Kay Coles James First Black Woman to Lead Conservative Heritage Foundationby Stacy M. Brown (NNPA Newswire Contributor) January 4, 2018 0 comments
Kay Coles James is the newest president of the conservative Heritage Foundation and the first African American woman to lead the organization. She plans to set an example by working with other points of view. Her goal is to have a positive impact in the Black community.
“I’ve seen the rhetoric heighten [since President Donald Trump took office] on all sides,” said James, 68. “And, when you’re a conservative, Black Republican, you know what the rhetoric is like on the ‘Left’ and, trust me, it’s not good.”
James describes herself as a “happy warrior”. Big challenges come with the job, but James is proud to celebrate Black achievement.
“It’s a fine line of acknowledging and taking a minute to stop and celebrate, not only what this means for me, but also for our community,” said James. “When African Americans are being recognized as leaders, no matter where they are on the political spectrum, I’m glad to see it from the both the ‘Left’ and the ‘Right.’”
Heritage Foundation – James recalled Obama’s first election
James celebrated the accomplishments of Barack Obama and admired his Senior Advisor, Valerie Jarrett. She’s been encouraged to see that people are also celebrating what it means for her to be an African American woman in conservative public policy think tank.
James believes that Americans are tired of the “toxic environment that exists in Washington right now, where we hate people who disagree with us.”
James continued: “I’m not saying that we will sit down at the table and all agree—we will not—but if we as Americans can’t demonstrate to the rest of the world what it looks like in a pluralistic society, to reach a consensus and move forward, then what can we say to the Sunnis and Shias?”
The Heritage Foundation president said that Americans have to demonstrate what it looks like for thoughtful people to solve problems.
According to her official biography on the Heritage Foundation’s website, James began her career in public service as a member of the National Commission on Children under President Ronald Reagan and later served as associate director of the White House Office of National Drug Control Policy and as assistant secretary for public affairs at the U.S. Department of Health and Human Services under President George H.W. Bush. In 2001, James returned to the federal government to serve as President George W. Bush’s director of the Office of Personnel Management.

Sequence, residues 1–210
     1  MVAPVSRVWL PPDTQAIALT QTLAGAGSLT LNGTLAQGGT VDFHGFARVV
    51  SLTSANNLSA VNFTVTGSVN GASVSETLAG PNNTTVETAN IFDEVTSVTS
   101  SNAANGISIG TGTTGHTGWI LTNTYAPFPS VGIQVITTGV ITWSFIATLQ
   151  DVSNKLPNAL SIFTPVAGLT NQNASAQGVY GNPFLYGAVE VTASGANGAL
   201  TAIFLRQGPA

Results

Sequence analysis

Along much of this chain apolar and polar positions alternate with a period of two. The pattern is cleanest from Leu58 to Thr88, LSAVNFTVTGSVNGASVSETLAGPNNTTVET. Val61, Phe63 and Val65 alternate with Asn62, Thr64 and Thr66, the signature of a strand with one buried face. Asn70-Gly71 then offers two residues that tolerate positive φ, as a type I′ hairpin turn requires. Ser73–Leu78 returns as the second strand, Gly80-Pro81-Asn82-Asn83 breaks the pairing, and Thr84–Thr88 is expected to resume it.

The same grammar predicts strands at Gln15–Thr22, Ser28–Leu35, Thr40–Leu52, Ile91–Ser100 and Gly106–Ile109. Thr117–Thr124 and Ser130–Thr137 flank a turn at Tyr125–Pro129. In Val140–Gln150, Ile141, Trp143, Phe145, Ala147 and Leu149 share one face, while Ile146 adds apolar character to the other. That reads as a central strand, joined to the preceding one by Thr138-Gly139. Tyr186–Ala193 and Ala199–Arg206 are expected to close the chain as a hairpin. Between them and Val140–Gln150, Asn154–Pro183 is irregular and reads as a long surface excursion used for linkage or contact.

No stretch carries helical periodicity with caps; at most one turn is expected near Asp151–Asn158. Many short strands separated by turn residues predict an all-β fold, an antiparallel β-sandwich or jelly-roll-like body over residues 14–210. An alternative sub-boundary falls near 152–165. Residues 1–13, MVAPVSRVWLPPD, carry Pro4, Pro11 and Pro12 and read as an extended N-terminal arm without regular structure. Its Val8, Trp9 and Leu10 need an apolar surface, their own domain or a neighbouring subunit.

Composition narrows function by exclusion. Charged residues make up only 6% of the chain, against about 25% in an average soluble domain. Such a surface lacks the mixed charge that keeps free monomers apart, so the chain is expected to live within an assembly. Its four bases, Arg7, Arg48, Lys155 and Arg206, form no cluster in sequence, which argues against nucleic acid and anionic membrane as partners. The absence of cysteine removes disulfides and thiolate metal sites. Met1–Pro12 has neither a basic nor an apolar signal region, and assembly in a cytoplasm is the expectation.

“In 2017, James and former U.S. Attorney General Edwin Meese III led President Donald Trump’s transition team for the Office of Management and Budget, Office of Personnel Management, and General Services Administration,” her biography said.
James is a graduate of Hampton University, the recipient of numerous honorary degrees. She is the author of three books, and the founder and president of The Gloucester Institute. The Gloucester Institute is an organization that trains and nurtures leaders in the African American community.
Motivation comes from my five grandchildren
“Someone once told me about QTR—Quality Time Remaining—and I think about the QTR I have and I want to do something meaningful. For me, being the President of the Heritage Foundation is the best way to use my QTR … I look into the eyes of my grandchildren and think about the world today, my pledge to them is that I will do whatever I can to turn things around.”
James added that she wants to see more people in politics that are willing to engage with others that they might not agree with on every issue.
James said that the reports that the Heritage Foundation must remain on the same page with the White House are untrue. The organization holds everyone’s feet to the fire, no exceptions, she said.
“We can fight it out, we can debate, but the end goal is the same. You may think your route to get there is best and I may think of another route, but let’s not question each other’s character or ethnicity.”
Dr. Benjamin F. Chavis, Jr., the president and CEO of the National Newspaper Publishers Association (NNPA), congratulated James for her historic achievement. He said that he looks forward to nurturing a mutually, beneficial relationship with the Heritage Foundation under her leadership.
“The NNPA is hopeful that Black Republican leaders like [James] will now open the door to ensure that the Black Press in America will be supported by the substantial advertising dollars that conservative entities will spend in 2018,” said Chavis. “The awakened, national Black vote should not be taken for granted by liberals or conservatives.”